‘Follow me’. Forget Twitter. Jesus has been calling people to follow him for 2000 years. The phrase seems simple or innocent enough when written down, but if we act on it, these words can be world changing.
Jesus said them to Levi, and in the course of a short conversation Jesus put Levi’s life on a totally different track (Luke 5:27). As a tax collector, Levi would have been a bit of an outcast. He would have taken money from his own people to give to the ruling Romans. People wouldn’t have trusted him, let alone liked him, and yet Jesus calls him, and in doing so begins to transform his future.
Jesus calls us in the same way. He asks us to follow him, no matter who we are, what we’ve done or where we’re at. The reason? Well, he knows he’ll be waiting a long time if he only asks people who’ve got it all together.
We’re all broken and all of us have struggles, but in asking us to follow him, Jesus is seeing beyond it all. Despite our mess, he can – and will – use us.
And if they, in their confusion and pain can still choose to follow him when everything is thrown at them, then we can keep following despite our struggles, questions or general life mess.
That’s one of the things that is so encouraging about even the harshest stories that come from people who are persecuted for following Jesus. Yes, the stories are shocking. And yes we’re desperate to see persecution against Christians end. But our family around the world who suffer for their faith are, like us, still going in their journey with Jesus. And if they, in their confusion and pain can still choose to follow him when everything is thrown at them, then we can keep following despite our struggles, questions or general life mess.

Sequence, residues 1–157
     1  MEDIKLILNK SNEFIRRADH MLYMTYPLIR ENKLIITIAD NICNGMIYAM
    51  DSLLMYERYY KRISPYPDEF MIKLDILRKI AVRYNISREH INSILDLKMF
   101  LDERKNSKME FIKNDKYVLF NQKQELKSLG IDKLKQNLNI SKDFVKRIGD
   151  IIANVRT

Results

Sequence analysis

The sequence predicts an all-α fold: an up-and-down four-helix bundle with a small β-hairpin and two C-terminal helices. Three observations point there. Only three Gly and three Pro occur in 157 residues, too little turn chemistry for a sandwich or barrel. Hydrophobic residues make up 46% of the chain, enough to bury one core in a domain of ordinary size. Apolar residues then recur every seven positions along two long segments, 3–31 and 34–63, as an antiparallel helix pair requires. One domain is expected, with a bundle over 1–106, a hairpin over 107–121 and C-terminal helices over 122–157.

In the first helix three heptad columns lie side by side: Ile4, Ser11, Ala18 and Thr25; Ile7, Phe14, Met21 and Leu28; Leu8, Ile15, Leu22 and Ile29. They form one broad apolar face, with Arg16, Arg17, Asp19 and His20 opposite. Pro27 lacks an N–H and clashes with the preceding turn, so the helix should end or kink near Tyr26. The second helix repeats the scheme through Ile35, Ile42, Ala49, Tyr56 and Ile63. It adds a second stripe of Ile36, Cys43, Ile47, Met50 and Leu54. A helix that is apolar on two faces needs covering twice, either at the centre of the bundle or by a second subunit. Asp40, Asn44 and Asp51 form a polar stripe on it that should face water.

Nearly a year ago, Father Francis, a Dutch priest who spent 40 years serving the community in Homms, Syria, was shot dead. He followed Jesus through some horrific situations. There were food shortages, bombs and violence. But despite the warnings, he chose to remain. Knowing he could well be a target, he said “I don’t want to leave alone the 28 Christians that have remained”.
Following Jesus led Father Francis on a long, dangerous journey, full of struggles, pains and disappointments. But he kept following. Despite his questions and doubts he didn’t give up, no matter what it would cost him.
None of us are perfect, but if we can choose to keep following Jesus, despite our mess, then we know he’ll use us to show some of his perfect love to the world. So don’t give up. Keep following.
We support people who are beaten, tortured,
imprisoned, falsely accused, and hated simply for following Jesus.